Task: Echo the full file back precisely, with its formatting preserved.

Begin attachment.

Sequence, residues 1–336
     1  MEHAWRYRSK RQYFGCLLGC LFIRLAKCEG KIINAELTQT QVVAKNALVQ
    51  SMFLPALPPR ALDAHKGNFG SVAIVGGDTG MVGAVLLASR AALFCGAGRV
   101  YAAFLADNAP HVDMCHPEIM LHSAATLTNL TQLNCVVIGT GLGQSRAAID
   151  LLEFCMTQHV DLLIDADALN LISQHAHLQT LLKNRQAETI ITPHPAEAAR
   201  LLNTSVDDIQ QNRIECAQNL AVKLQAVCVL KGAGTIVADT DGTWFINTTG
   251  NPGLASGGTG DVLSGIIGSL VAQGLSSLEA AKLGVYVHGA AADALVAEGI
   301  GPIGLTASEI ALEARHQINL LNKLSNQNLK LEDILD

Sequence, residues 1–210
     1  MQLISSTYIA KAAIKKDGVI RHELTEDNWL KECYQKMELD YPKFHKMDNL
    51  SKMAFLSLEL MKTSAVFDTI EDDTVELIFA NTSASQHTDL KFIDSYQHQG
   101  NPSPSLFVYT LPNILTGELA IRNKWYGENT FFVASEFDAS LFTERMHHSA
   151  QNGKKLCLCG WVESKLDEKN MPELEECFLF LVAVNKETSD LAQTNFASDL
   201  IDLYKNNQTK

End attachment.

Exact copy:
Sequence, residues 1–336
     1  MEHAWRYRSK RQYFGCLLGC LFIRLAKCEG KIINAELTQT QVVAKNALVQ
    51  SMFLPALPPR ALDAHKGNFG SVAIVGGDTG MVGAVLLASR AALFCGAGRV
   101  YAAFLADNAP HVDMCHPEIM LHSAATLTNL TQLNCVVIGT GLGQSRAAID
   151  LLEFCMTQHV DLLIDADALN LISQHAHLQT LLKNRQAETI ITPHPAEAAR
   201  LLNTSVDDIQ QNRIECAQNL AVKLQAVCVL KGAGTIVADT DGTWFINTTG
   251  NPGLASGGTG DVLSGIIGSL VAQGLSSLEA AKLGVYVHGA AADALVAEGI
   301  GPIGLTASEI ALEARHQINL LNKLSNQNLK LEDILD

Sequence, residues 1–210
     1  MQLISSTYIA KAAIKKDGVI RHELTEDNWL KECYQKMELD YPKFHKMDNL
    51  SKMAFLSLEL MKTSAVFDTI EDDTVELIFA NTSASQHTDL KFIDSYQHQG
   101  NPSPSLFVYT LPNILTGELA IRNKWYGENT FFVASEFDAS LFTERMHHSA
   151  QNGKKLCLCG WVESKLDEKN MPELEECFLF LVAVNKETSD LAQTNFASDL
   201  IDLYKNNQTK